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Bill Requiring Cops To Get Consent For Some Searches Riles Up NYPD

NEW YORK (CBSNewYork) -- A new bill to be introduced Thursday in the City Council has angered many in the NYPD.

It calls for officers to get consent before they conduct some searches, CBS2's Dick Brennan reported Tuesday.

The bill covers cases when police don't have a warrant, are not making an arrest, or don't have probable cause.

In those cases, people do have the right to reject a search, but this bill would demand police notify them of that right, and even get proof, perhaps in writing or recorded audio.

The idea that police would have to ask permission to search certain suspects infuriates the police union.

"This is one more time that the City Council is trying to protect criminals rather than New York City police officers," Patrolmen's Benevolent Association President Patrick Lynch said.

Last year, as a part of a so-called Community Safety Act, the City Council passed two bills aimed at limiting stop, question and frisk, including establishing a police monitor.

But this bill takes another step, requiring law enforcement officers to provide notice and obtain proof of consent to search individuals when there is no warrant or probable cause.

"It's a way of trying to get at, in terms of the interactions of the police officers and those that they are patrolling and those that they are policing," Council Speaker Melissa Mark-Viverito said.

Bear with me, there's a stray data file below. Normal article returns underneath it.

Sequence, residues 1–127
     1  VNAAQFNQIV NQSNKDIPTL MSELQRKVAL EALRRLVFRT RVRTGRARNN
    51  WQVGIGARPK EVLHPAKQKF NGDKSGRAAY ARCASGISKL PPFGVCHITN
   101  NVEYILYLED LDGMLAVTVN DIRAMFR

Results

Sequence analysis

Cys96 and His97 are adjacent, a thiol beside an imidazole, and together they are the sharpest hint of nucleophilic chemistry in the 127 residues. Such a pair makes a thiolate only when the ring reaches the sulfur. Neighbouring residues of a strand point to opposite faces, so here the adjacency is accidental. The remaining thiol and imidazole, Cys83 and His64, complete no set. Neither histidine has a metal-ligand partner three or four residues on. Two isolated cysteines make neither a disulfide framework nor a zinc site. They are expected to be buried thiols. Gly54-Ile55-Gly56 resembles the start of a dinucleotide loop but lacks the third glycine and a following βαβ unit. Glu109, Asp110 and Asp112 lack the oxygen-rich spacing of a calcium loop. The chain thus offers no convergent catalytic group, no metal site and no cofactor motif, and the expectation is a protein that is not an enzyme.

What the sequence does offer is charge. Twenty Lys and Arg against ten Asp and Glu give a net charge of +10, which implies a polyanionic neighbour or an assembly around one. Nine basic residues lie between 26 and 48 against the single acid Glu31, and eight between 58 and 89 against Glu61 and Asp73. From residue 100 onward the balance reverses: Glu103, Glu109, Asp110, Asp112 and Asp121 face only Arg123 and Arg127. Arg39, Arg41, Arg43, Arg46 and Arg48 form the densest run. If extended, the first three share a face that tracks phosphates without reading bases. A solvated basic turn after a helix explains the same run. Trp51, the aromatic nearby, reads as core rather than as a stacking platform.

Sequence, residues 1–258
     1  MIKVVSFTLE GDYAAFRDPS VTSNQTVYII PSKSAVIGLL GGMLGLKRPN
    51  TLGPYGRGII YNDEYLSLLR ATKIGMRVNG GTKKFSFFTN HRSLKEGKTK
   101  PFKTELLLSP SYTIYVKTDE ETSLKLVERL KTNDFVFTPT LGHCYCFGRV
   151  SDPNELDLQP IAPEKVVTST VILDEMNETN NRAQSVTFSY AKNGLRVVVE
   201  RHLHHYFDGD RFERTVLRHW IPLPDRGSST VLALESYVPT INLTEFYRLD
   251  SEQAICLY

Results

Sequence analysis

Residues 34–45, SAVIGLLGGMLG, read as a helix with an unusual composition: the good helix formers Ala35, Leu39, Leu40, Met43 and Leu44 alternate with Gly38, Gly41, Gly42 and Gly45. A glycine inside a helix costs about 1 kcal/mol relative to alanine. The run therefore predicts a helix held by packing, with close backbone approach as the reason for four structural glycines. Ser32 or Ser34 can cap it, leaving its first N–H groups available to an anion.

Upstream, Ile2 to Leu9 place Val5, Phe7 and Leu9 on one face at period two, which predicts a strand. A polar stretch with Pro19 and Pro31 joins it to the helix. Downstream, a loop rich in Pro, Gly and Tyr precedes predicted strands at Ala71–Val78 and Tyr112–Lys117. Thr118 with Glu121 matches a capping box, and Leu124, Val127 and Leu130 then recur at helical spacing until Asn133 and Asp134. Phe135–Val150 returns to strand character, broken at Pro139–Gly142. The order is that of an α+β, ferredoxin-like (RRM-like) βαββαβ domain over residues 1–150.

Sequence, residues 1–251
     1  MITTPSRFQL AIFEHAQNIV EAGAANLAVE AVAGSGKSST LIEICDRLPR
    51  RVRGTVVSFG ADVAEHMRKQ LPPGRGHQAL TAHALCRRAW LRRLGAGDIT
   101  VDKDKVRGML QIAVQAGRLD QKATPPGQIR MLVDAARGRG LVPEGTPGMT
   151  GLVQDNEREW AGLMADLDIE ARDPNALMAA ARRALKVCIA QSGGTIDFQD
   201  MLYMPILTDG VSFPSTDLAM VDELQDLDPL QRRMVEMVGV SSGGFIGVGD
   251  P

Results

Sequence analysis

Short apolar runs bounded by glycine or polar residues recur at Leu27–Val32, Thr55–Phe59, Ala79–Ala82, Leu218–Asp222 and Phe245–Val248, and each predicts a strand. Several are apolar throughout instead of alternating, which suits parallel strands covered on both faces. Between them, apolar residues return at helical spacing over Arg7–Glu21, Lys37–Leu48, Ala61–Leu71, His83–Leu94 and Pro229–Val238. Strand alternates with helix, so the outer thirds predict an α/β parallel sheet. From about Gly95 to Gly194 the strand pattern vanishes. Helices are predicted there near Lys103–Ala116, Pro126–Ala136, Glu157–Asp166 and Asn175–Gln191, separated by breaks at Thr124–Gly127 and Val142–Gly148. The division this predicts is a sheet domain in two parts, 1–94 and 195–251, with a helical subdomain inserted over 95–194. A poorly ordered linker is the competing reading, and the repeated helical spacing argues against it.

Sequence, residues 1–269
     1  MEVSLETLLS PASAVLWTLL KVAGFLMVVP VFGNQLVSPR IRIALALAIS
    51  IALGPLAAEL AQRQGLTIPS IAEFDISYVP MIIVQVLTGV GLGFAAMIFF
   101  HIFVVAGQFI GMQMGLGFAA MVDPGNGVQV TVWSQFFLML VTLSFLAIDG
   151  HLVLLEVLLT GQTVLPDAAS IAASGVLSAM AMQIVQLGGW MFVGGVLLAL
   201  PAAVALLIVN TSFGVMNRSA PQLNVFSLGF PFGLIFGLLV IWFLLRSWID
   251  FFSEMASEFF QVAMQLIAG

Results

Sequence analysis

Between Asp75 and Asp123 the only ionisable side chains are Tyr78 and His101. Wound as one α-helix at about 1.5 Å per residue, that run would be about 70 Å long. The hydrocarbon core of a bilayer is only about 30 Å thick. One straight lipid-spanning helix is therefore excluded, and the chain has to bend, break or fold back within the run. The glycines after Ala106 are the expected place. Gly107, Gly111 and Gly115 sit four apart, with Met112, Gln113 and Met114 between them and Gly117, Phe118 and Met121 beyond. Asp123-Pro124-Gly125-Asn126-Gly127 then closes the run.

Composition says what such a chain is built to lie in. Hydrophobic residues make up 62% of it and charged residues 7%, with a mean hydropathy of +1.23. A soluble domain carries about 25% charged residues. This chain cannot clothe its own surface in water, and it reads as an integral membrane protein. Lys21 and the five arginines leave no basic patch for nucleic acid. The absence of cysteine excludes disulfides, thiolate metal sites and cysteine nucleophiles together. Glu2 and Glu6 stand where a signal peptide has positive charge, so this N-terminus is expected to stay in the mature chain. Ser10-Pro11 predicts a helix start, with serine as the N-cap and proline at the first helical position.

But until she sees the exact wording, the council speaker said she is withholding judgment on the bill, along with Mayor Bill de Blasio.

"We obviously have to protect the rights of our people, but we also have to make sure we are not undermining in any way for law enforcement to do its job," the mayor said.

Local residents told CBS2 they have mixed views on asking permission.

"Good idea, because it protects our right to privacy by the First, Fourth and 14th Amendment," said MacArthur Young of Prospect Park.

"No! Who's gonna give permission to ask him if it's okay? Who's gonna do that?" added Renee Andrews of East New York.

"If they ask the answer is certainly gonna be no, so I don't know what the point is," said John Mikhael of Alpine, New Jersey.

Currently, the bill has only 21 sponsors. It needs 26, and that could depend on what signal the mayor sends. He may feel pressure to avoid giving the perception to the rank and file that he's anti-cop, Brennan reported.

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